The National Drug Policy (NDP) of Lao PDR, endorsed in 1993, has since 1995 been implemented through an intervention program in five pilot areas out of 18 provinces, including training of health personnel. The aim was to assess the impact of the NDP program to get evidence for revising the policy. In a cross sectional design, comparisons were made between the pilot province of Luangphrabang (LPB) and the non-pilot province of Sayabury (SBR). In each province, three districts were purposively chosen. Four pharmacies at the public hospitals were included, while 20 private pharmacies were randomly selected. A set of 29 combined indicators was utilized. One hundred and ten prescriptions for under-five children with simple diarrhea and 240 adult outpatient prescriptions were sampled. Furthermore, twelve health care managers were interviewed on knowledge and attitudes. LPB health managers had better knowledge of NDP concepts. Significantly more essential drugs (ED) were available in the private pharmacies in the pilot province. The proportion of prescriptions of ED in hospitals was higher in the pilot province (95% in LPB vs 86% in SBR; p<0.001). Fewer drugs per patient were prescribed in the pilot province (2.7 vs 3.3, p<0.001), and the management of simple diarrhea in children was significantly more in accordance with Standard Treatment Guidelines. The pilot province performed significantly better regarding several aspects of quality and rational use of drugs, probably related to the implementation program. National as well as regional and global diffusion of research findings is recommended towards evidence-based national drug policies.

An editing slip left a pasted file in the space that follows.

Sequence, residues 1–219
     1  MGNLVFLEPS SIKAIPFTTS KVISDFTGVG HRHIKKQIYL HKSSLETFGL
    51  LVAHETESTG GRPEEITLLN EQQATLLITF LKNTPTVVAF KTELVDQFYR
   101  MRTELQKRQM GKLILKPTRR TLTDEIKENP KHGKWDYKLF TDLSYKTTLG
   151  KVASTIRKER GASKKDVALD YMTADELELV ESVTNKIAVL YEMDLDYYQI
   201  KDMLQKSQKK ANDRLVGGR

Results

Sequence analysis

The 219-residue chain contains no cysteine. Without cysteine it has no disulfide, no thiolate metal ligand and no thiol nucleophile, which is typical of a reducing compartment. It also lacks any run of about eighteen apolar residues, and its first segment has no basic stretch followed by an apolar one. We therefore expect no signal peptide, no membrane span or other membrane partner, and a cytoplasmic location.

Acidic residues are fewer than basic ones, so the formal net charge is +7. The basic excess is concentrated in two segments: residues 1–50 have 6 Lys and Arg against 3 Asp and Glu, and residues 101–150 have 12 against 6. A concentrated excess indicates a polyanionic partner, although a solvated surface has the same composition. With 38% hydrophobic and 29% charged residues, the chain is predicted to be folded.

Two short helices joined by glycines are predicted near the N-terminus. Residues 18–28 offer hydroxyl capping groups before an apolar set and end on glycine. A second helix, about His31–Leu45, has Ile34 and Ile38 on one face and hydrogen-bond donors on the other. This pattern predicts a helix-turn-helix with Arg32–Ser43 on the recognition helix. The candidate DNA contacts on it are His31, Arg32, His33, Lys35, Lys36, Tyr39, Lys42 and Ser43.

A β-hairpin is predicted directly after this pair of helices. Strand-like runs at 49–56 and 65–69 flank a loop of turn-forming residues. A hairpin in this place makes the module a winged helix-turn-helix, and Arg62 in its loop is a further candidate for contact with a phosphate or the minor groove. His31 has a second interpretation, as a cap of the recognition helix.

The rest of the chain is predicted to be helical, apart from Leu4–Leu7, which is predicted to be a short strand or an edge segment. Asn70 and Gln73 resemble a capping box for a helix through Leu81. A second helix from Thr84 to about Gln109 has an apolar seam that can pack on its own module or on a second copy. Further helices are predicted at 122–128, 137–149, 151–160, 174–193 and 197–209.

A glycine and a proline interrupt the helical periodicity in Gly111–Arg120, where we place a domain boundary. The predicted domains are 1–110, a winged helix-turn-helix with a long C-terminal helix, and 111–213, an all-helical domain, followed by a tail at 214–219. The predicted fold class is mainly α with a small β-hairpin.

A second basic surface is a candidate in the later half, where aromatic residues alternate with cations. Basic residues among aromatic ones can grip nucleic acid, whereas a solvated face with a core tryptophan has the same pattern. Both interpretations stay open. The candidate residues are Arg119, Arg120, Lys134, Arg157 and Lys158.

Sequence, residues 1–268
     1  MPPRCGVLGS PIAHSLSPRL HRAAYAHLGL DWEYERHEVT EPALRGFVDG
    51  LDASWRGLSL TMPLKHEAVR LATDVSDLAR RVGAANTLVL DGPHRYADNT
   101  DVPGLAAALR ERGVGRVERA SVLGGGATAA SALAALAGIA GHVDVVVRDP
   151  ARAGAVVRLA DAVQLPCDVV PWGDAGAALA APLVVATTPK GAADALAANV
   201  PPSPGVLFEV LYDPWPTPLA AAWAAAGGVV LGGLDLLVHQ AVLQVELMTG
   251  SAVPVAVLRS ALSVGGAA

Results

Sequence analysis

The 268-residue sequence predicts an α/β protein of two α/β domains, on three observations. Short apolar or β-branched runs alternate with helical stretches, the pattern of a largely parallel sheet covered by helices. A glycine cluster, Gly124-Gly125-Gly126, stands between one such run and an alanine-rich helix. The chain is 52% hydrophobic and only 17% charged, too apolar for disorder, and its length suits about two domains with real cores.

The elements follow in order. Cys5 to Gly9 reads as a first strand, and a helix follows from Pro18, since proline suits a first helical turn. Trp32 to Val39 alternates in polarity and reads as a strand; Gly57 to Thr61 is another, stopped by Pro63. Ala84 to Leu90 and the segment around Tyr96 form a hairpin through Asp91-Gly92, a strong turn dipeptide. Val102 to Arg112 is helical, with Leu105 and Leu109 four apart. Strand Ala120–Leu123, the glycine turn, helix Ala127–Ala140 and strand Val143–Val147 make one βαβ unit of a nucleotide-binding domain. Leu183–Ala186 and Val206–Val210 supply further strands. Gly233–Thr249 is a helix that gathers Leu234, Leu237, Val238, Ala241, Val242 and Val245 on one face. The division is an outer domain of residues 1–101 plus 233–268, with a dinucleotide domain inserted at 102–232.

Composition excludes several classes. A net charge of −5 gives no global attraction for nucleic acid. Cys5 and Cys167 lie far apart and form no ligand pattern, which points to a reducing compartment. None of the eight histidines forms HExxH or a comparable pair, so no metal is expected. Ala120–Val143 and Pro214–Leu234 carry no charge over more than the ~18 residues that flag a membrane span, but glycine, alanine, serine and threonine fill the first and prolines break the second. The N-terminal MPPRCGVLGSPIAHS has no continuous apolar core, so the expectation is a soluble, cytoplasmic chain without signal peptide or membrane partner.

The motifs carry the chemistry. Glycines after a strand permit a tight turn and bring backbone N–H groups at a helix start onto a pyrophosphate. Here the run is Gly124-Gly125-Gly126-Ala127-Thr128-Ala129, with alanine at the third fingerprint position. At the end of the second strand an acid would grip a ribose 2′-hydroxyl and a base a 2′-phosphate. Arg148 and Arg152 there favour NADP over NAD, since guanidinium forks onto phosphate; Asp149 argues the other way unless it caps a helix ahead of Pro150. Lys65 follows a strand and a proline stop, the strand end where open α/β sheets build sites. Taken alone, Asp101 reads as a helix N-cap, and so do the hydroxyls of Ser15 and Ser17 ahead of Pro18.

Drugs Quality of Private Pharmacies in Laos

| |

Substandard or counterfeit drugs has been reported in countries where drug regulations are ineffective use of low quality drugs can result in adverse clinical outcomes such as lack of effect risk for development of bacterial resistance, toxicity or side effects.


| | |

The Lao People’s Democratic Republic (PDR) currently faces a concentrated epidemic with an adult HIV prevalence of 0.1 percent. Since the first case was identified in 1990, the number of infections has continued to grow. In 2005, UNAIDS estimated that 3,700 people in Lao PDR were living with HIV.

Mother and Child Health

| |

Grass-roots level studies have demonstrated how severe the combined effects of early motherhood, poor hygiene practices, lack of awareness of basic nutrition and poor pre-natal, postnatal and early childhood care can be on a growing and developing nation. In addition, chronic lack of medicines, medical equipment and clinical skills dissuades women from seeking care for themselves or their children.

Public health

Healthcare in Laos was poor in the early 1990s. Although diets are not grossly inadequate, chronic moderate vitamin and protein deficiencies are common, particularly among upland ethnic groups. Poor sanitation and the prevalence of several tropical diseases further eroded the health of the population. Western medical care is available in few locations, and the quality and experience of practitioners are, for the most part, marginal, a situation that has not improved much since the 1950s.

News in health


Browse the most comprehensive and up-to-date articles, news in the following Subcategories.